The ontogeny of sexual size dimorphism of a moth: when do males and females grow apart?

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Serval ID
serval:BIB_930F86496584
Type
Article: article from journal or magazin.
Collection
Publications
Institution
Title
The ontogeny of sexual size dimorphism of a moth: when do males and females grow apart?
Journal
PLoS One
Author(s)
Stillwell R.C., Daws A., Davidowitz G.
ISSN
1932-6203 (Electronic)
ISSN-L
1932-6203
Publication state
Published
Issued date
2014
Peer-reviewed
Oui
Volume
9
Number
9
Pages
e106548
Language
english
Abstract
Sexual dimorphism in body size (sexual size dimorphism) is common in many species. The sources of selection that generate the independent evolution of adult male and female size have been investigated extensively by evolutionary biologists, but how and when females and males grow apart during ontogeny is poorly understood. Here we use the hawkmoth, Manduca sexta, to examine when sexual size dimorphism arises by measuring body mass every day during development. We further investigated whether environmental variables influence the ontogeny of sexual size dimorphism by raising moths on three different diet qualities (poor, medium and high). We found that size dimorphism arose during early larval development on the highest quality food treatment but it arose late in larval development when raised on the medium quality food. This female-biased dimorphism (females larger) increased substantially from the pupal-to-adult stage in both treatments, a pattern that appears to be common in Lepidopterans. Although dimorphism appeared in a few stages when individuals were raised on the poorest quality diet, it did not persist such that male and female adults were the same size. This demonstrates that the environmental conditions that insects are raised in can affect the growth trajectories of males and females differently and thus when dimorphism arises or disappears during development. We conclude that the development of sexual size dimorphism in M. sexta occurs during larval development and continues to accumulate during the pupal/adult stages, and that environmental variables such as diet quality can influence patterns of dimorphism in adults.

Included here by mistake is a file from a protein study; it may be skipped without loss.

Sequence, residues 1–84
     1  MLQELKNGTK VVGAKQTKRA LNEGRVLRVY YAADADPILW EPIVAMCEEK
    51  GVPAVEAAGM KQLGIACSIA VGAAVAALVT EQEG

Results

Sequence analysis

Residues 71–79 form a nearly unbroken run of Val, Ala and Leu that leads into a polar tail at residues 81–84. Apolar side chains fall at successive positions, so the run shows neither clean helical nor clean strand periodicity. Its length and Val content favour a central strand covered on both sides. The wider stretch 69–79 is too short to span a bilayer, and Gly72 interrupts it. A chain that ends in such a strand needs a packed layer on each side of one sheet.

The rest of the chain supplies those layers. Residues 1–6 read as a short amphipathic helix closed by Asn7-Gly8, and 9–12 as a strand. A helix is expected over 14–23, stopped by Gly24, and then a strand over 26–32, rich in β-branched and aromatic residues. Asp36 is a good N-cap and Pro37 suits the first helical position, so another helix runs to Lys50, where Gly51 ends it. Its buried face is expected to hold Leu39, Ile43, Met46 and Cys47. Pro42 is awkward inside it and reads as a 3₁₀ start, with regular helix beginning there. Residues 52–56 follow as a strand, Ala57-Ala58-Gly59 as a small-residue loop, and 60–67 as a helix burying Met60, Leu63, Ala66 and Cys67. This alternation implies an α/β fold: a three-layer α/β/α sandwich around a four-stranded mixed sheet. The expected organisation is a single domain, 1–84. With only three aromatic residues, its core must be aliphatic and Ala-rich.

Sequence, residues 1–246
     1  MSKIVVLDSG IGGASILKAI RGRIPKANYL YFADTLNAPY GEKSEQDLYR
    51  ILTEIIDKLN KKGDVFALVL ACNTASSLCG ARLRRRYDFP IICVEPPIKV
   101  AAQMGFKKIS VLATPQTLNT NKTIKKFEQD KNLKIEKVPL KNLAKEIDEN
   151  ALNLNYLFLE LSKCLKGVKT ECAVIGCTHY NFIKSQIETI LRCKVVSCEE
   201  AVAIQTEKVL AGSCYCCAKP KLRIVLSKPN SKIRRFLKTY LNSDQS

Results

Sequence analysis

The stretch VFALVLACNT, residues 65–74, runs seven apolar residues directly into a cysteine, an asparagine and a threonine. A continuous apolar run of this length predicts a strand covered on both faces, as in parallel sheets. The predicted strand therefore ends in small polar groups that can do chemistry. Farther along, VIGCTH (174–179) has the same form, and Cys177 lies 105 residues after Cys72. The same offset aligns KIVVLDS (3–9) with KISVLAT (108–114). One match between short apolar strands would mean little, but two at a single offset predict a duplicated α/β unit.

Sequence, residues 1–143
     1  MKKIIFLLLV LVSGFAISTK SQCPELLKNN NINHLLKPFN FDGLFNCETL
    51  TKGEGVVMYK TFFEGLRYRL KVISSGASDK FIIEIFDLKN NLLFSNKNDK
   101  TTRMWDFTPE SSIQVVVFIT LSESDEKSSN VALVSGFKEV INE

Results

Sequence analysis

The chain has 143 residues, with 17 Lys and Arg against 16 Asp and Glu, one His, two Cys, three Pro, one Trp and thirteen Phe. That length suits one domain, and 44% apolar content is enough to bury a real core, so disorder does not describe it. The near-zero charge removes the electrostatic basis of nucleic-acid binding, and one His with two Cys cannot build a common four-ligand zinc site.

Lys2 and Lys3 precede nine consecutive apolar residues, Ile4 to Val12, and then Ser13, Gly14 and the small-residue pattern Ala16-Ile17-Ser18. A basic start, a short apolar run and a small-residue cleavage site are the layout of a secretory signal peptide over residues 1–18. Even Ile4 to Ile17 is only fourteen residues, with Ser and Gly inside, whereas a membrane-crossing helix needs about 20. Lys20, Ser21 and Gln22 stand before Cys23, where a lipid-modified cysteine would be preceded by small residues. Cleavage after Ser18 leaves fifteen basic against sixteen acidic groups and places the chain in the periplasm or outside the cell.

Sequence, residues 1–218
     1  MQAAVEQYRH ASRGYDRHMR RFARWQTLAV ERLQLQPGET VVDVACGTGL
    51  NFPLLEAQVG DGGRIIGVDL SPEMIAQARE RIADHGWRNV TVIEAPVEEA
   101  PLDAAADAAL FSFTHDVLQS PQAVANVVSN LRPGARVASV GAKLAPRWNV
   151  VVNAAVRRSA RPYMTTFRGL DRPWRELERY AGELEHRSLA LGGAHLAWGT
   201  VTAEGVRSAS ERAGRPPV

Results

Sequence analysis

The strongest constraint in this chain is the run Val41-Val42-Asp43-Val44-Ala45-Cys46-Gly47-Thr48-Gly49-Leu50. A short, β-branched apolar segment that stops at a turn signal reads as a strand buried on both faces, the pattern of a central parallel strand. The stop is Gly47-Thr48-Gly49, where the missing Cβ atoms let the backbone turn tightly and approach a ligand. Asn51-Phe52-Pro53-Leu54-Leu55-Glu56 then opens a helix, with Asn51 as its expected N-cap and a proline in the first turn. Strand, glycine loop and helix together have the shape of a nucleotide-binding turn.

Pubmed
Web of science
Open Access
Yes
Create date
06/10/2014 9:08
Last modification date
20/08/2019 14:55
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